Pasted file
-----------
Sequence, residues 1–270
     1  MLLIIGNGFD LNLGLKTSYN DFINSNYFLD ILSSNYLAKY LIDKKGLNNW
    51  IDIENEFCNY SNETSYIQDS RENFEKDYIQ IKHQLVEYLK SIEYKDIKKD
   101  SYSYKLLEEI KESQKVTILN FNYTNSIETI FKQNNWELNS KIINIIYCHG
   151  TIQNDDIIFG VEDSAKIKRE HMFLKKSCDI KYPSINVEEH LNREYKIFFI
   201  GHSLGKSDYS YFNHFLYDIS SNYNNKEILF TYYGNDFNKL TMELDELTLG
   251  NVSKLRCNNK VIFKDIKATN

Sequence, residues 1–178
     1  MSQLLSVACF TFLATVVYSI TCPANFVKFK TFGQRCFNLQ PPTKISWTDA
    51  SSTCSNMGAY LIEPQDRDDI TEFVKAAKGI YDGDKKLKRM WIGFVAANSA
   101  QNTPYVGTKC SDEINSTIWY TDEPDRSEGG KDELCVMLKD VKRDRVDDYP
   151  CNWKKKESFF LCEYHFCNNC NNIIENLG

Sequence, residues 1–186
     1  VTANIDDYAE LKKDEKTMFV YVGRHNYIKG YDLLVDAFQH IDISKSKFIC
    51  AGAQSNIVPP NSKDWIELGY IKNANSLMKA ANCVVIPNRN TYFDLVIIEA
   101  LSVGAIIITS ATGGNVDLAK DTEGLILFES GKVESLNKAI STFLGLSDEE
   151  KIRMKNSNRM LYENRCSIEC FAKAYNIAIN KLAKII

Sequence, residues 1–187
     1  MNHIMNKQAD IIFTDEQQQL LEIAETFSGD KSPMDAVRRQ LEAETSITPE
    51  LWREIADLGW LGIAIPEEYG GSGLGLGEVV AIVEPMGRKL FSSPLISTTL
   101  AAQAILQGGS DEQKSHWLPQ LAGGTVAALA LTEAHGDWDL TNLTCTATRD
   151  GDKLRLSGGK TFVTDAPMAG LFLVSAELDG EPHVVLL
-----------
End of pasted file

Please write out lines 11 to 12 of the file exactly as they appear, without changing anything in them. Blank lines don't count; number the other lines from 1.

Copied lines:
   101  QNTPYVGTKC SDEINSTIWY TDEPDRSEGG KDELCVMLKD VKRDRVDDYP
   151  CNWKKKESFF LCEYHFCNNC NNIIENLG